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JWT Founder: 1st to Target Housewives Via Magazine Ads

December 22, 1987|BRUCE HOROVITZ

Just who was James Walter Thompson?

Although the public recognizes him as one of the oldest--and best-known--names in modern advertising, he is better known within the ad industry as one of the first businessmen to persuade magazines to accept advertising.

Long before other advertising executives were paying much attention to housewives as a market, Thompson was among the first to attempt to reach them with ads, primarily in magazines. In fact, it was this rhyme that Thompson ran across in his readings that inspired him to target the homemaker:

Good bless our wives, they fill the hives

With little bees and honey,

They smooth life's shocks, they mend our socks,

But don't they spend the money!

Thompson was born in Ohio in 1847, was the son of a builder, and through his mother was a fourth cousin to President Theodore Roosevelt. He was hired as a bookkeeper at a small ad agency called Carlton & Smith in 1875 and two years later bought the ad firm for $500.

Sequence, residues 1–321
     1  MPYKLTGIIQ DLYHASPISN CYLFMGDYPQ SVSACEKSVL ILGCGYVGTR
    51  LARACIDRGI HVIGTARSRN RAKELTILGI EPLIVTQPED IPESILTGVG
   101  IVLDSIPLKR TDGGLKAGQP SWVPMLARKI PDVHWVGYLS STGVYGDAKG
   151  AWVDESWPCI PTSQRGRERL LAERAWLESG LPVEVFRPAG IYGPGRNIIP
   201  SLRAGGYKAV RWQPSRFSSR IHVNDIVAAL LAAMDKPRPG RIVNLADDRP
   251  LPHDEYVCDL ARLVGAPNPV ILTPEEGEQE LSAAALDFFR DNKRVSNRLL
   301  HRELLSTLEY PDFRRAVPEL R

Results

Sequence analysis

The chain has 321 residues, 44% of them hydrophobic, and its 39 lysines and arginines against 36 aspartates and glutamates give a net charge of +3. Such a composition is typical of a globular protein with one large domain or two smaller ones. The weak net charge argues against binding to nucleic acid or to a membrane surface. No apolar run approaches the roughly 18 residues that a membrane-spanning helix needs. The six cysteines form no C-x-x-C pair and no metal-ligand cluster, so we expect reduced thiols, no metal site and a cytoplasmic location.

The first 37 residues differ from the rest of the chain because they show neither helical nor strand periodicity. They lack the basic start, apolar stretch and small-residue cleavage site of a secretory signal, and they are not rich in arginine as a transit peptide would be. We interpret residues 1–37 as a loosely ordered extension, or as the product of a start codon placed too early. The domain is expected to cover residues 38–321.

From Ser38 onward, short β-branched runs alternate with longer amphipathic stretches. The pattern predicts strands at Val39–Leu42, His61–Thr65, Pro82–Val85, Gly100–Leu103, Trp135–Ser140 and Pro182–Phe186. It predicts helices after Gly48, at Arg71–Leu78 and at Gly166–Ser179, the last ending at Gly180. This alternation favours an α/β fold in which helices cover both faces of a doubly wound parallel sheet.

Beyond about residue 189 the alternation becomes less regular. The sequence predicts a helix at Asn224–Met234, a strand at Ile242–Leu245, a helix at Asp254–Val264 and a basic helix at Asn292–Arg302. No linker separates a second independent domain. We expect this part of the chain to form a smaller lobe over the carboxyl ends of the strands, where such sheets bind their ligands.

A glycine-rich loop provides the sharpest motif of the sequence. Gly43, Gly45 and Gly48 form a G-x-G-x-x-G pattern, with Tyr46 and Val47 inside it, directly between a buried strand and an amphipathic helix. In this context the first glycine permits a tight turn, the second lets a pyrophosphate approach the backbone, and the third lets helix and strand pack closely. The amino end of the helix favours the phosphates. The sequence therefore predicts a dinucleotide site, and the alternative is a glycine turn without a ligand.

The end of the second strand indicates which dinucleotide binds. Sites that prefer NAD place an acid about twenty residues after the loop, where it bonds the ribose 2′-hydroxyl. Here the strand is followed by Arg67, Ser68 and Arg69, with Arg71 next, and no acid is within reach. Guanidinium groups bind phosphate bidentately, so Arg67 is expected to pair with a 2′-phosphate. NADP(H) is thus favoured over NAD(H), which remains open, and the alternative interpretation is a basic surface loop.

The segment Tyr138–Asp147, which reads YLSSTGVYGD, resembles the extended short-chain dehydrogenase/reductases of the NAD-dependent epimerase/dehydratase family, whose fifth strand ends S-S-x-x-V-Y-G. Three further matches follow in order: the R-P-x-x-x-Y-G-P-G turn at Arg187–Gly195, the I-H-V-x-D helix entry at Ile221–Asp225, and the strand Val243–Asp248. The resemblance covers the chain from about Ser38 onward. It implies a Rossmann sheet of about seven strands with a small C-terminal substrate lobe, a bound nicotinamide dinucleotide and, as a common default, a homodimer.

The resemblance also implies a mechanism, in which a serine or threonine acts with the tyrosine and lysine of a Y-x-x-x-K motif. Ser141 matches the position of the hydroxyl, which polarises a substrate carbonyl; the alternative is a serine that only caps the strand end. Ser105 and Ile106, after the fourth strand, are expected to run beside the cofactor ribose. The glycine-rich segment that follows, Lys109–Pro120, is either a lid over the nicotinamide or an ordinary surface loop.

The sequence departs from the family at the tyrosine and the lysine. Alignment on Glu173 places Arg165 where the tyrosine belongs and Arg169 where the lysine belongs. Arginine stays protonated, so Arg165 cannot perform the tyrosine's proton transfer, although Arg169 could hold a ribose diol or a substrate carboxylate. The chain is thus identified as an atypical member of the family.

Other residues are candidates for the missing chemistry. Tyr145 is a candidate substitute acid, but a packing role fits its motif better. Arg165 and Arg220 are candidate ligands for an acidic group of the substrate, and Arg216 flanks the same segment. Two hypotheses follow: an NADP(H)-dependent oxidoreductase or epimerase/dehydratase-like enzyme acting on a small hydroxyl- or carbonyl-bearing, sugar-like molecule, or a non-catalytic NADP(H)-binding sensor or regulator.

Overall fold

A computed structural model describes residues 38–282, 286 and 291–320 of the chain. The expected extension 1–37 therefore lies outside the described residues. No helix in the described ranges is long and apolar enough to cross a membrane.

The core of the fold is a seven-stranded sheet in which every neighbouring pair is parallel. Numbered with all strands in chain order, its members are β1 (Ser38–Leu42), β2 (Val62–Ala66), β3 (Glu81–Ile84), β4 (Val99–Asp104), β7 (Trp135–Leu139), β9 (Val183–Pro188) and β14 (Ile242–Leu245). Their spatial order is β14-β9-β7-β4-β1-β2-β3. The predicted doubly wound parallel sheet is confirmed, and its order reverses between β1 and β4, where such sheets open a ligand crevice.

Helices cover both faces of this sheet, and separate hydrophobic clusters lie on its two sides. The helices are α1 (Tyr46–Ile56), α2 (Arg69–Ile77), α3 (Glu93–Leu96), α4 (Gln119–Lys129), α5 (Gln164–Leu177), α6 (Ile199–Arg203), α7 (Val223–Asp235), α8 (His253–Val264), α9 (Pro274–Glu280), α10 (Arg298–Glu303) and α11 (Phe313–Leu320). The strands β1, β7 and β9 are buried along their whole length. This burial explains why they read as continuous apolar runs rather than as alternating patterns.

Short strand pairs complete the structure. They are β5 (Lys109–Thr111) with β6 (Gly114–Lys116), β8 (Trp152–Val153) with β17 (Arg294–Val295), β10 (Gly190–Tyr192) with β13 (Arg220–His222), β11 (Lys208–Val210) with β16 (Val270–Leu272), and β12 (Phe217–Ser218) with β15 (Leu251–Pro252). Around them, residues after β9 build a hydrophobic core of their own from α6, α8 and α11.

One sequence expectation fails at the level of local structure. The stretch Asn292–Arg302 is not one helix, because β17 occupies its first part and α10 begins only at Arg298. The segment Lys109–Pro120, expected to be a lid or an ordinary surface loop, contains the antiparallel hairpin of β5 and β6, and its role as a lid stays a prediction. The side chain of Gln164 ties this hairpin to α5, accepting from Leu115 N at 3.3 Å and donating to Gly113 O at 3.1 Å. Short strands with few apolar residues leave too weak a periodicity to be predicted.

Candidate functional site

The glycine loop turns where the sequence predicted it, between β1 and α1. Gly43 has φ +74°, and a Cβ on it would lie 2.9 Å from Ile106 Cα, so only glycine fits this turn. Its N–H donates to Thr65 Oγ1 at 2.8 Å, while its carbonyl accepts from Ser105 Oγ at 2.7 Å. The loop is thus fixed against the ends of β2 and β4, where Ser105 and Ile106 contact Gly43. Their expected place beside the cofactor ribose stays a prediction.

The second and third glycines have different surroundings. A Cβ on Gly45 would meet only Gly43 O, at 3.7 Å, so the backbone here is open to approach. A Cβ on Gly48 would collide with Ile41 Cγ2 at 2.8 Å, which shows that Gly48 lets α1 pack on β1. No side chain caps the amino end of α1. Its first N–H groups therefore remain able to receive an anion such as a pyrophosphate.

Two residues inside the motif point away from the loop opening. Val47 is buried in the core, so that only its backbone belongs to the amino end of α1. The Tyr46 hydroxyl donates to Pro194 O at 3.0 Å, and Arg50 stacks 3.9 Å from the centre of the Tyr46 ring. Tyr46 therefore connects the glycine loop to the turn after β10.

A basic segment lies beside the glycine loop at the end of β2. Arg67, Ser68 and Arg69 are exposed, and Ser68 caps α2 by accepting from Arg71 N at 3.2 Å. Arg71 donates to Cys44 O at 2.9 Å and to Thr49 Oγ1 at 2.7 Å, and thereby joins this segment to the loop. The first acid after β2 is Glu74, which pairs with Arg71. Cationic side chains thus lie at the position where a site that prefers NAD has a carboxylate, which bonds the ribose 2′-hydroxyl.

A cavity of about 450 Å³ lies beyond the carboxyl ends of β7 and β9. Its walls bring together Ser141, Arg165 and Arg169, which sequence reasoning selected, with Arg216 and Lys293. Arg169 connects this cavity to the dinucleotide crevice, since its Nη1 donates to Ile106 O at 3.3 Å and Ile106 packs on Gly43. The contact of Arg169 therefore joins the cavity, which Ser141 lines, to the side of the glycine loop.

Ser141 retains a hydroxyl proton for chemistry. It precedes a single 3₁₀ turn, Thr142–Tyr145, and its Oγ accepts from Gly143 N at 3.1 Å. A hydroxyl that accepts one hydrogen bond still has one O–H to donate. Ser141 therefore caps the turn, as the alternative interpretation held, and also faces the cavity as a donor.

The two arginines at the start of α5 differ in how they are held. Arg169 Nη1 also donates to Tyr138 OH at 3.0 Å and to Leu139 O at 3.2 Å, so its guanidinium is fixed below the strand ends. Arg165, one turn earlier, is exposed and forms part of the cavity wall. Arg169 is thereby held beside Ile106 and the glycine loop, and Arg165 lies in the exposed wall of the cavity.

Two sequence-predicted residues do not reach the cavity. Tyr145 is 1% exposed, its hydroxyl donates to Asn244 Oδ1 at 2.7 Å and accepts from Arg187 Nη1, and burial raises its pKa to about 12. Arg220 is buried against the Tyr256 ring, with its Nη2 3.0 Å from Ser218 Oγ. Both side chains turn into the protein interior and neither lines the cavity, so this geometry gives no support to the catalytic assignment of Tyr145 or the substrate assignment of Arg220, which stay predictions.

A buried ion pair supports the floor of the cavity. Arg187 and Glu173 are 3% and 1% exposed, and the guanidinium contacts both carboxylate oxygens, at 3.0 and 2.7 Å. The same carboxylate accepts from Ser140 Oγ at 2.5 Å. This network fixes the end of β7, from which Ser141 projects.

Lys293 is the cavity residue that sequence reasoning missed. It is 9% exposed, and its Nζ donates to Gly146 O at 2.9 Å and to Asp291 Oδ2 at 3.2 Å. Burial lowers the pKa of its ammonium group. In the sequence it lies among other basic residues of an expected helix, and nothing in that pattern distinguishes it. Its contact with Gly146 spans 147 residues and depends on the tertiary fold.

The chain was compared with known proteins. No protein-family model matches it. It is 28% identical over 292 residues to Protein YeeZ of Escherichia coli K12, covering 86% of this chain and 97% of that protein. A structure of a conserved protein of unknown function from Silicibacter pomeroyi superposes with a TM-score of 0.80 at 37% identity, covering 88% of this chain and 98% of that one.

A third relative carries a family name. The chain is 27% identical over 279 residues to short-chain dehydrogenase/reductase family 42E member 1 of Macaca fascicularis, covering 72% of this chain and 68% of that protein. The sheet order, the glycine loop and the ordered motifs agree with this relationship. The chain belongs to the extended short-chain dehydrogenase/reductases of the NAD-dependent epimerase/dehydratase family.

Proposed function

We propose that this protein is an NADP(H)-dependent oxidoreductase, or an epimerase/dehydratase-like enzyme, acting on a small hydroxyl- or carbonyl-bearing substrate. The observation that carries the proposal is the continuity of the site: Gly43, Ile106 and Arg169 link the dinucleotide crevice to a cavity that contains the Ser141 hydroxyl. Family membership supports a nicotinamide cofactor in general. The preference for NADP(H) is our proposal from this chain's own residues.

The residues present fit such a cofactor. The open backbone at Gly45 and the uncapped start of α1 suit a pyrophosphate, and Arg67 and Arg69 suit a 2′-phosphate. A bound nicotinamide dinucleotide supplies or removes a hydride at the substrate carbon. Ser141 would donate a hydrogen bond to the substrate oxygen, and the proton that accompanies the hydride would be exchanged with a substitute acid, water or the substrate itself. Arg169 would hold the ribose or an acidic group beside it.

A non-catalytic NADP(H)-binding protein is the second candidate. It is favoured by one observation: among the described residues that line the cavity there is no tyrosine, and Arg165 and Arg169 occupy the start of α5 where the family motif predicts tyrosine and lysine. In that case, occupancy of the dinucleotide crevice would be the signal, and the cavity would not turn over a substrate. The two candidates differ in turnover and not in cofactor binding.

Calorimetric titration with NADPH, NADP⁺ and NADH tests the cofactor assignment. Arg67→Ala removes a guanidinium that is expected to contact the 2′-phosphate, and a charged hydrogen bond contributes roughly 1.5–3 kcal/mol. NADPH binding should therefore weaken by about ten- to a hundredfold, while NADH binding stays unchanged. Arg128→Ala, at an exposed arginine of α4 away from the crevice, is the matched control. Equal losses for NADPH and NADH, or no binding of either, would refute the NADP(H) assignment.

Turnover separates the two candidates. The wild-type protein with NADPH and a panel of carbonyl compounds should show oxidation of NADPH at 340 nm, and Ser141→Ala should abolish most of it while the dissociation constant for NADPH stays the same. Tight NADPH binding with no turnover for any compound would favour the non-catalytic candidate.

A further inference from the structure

Before long, Thompson renamed the agency after himself. The tiny firm bought ad space in newspapers and magazines and then turned around and sold it at a profit to advertisers.

During the next 38 years, Thompson transformed the agency from a media wholesaler to a full-service ad shop. The firm became an international operation when Thompson opened an office in London in 1899. Thompson introduced the Pears soap brand to the U.S. market and also handled advertising for Lifebuoy soap.

Thompson, who sold the business in 1916 for $500,000, published a series of books on advertising. In one, he wrote: "It does not really do in advertising to try to be funny. Practical facts are, as a rule, much better and more lasting."

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